Beethoven: Symphonies 1 & 5 - Järvi
RCA 88697338352, BVCC-34166
Classical - Orchestral
Beethoven: Symphony No 1, Symphony No. 5
Deutsche Kammerphilharmonie Bremen
Paavo Järvi (conductor)
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Review by John Miller - September 24, 2009
There is plenty of choice amongst the rival Beethoven cycles on SACD, some of which are still in progress. Three of them explicitly use the New Beethoven Edition edited by Jonathan del Mar (Järvi, Vänska & Antonini), and this has prompted conductors to re-assess their interpretations of the symphonies. As well as correcting earlier corrupt texts, the new edition reveals Beethoven's clear but idiosyncratic practise in notating staccatos of various degree, as well as his version of the Viennese style of indicating phrasing and articulation. When carefully adopted and executed, these changes are often audible and bring a fresh "new" sound to standard Beethoven interpretations.
Paavo Järvi has played these symphonies with the Deutsche Kammerphilharmonie Bremen for several years before committing them to disc. The chamber orchestra is a self-governing and democratic band, and they worked on the Bremen Beethoven Project collaboratively, developing approaches and interpretations as a team.
Järvi strongly believes that Beethoven's metronome marks are correct, and perfectly playable with smaller orchestras, which also have the advantage of restoring the Classical balance between woodwind, brass and strings. He adopts certain HIP practices with the modern instruments - sparing vibrato for strings, older methods of brass playing, and the use of drums which are close to the military drums of Beethoven's time, hit with hard sticks. Beethoven's use of the timpani was very innovative and of vital importance in the propulsive rhythms which are so characteristic of his style. Järvi also takes the position that Beethoven's symphonies are Classical at their core, overlaid by his own interpretation of the growing Romantic movement. Järvi and the Bremen band take all this into consideration, and add their own personal touches to the bare notes, so that one often has the ear tickled by a counter-melody or special phrasing, bringing new light and life to the scores.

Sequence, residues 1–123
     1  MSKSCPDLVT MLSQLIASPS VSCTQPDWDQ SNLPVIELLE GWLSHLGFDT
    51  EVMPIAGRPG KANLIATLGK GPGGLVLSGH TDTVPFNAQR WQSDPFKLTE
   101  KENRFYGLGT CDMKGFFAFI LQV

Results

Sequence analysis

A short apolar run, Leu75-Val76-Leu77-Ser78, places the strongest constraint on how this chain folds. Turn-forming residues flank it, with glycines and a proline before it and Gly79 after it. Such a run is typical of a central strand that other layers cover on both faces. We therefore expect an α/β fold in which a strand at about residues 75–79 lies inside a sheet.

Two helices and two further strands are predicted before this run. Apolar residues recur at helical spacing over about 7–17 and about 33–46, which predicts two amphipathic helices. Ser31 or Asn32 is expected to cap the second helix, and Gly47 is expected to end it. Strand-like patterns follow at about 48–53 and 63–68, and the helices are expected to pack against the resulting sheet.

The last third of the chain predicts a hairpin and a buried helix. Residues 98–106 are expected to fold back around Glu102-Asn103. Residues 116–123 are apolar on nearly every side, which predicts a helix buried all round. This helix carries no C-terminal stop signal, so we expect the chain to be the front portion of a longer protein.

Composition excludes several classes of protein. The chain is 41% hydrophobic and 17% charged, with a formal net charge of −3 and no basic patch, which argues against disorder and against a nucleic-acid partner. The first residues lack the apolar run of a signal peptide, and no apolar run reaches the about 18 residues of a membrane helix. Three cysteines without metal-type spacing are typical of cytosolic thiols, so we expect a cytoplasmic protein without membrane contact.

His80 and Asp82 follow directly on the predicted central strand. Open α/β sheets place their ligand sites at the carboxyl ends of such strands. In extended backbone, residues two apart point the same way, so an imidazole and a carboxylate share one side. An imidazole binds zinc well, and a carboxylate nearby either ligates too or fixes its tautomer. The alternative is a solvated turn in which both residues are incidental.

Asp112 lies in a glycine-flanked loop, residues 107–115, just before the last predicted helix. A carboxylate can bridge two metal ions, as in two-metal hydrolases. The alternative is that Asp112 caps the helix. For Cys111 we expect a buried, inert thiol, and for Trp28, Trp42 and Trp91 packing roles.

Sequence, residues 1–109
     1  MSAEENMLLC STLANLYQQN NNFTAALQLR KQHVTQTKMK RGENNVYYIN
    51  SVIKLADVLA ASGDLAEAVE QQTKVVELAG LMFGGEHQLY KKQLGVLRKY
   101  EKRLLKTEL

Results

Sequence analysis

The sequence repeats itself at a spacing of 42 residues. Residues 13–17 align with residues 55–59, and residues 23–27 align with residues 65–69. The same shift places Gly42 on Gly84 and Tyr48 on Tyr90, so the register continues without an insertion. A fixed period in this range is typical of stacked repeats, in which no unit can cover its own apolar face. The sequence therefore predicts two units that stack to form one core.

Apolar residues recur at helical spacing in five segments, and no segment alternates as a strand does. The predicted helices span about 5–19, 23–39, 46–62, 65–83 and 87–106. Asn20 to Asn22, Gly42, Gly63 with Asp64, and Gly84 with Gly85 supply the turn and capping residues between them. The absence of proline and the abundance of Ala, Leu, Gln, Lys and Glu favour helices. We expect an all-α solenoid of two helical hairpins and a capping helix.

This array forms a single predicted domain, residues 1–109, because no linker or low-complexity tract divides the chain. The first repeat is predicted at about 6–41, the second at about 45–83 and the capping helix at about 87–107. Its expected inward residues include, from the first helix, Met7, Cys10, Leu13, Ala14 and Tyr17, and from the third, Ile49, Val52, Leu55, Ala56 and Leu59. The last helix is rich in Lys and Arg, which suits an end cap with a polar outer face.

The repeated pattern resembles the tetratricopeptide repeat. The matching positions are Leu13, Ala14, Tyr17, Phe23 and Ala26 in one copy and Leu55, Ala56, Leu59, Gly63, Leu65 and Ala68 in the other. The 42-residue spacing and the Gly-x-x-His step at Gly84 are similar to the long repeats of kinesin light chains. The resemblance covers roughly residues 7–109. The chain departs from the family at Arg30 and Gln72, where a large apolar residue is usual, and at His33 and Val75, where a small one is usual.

The Fifth Symphony comes first on this disc, and a fiery and rebellious Fifth it is. The first movement's peremptory motto erupts like a Call to Arms, and the movement only relaxes for the lyrical second subject, but with almost no change in pace. Järvi takes only 6:54 in this movement, compared to Vänska's 7:32, the latter several degrees less in tension and bite. The DKB play as if possessed; their articulation and taut ensemble work is nothing less than astonishing. Disposition of the first and second violins to left and right give full rein to Beethoven's many antiphonal effects. The 46-strong orchestra (triple winds) produce a dynamic range and depth of tone which is deeply satisfying, but with a transparency of internal balancing which opens up the orchestration in a way that is seldom heard. Beethoven's tympani parts are realised magnificently, reinforcing the rhythms and storming the bastions as rarely before.
The Finale is launched with a great blaze of joy and light, run at Beethoven's metronome mark which engenders playing of such virtuosic energy that any audience would be on its feet as the last C major chord sounds. This is a Fifth which compares well with the best, and the DKB's athletic playing even outdoes the VPO on Kleiber's remarkable performance from the 70's. Vänska too is very good, but his larger-scaled Fifth is more majestic than rebelliously driven.
With an appropriately smaller orchestra, Järvi's classical view of the First Symphony provides a real gem of a reading; an expansive opening followed by an exuberant and dance-like first movement which positively sparkles. At Beethoven's required speed, the Andante cantabile skips along blithely into a rude menuet/scherzo of boundless nervous energy, and the symphony is capped by a finale which, having coyly exposed its scale-theme bit by bit, scampers off in fast staccato to do joyful mischief. Orchestra and conductor are clearly having real fun, and this First is an absolute winner.
Polyhymnia's recording is as fine as one would expect from this experienced company; closer than usual, with superb spatial definition of instruments and an open acoustic, all the better in multi-channel.
Unless you are wedded to Furtwängler and his Romantic view of Beethoven (including heavily doctored re-scoring and alteration of dynamics), do audition this wonderful disc.
Copyright © 2009 John Miller and HRAudio.net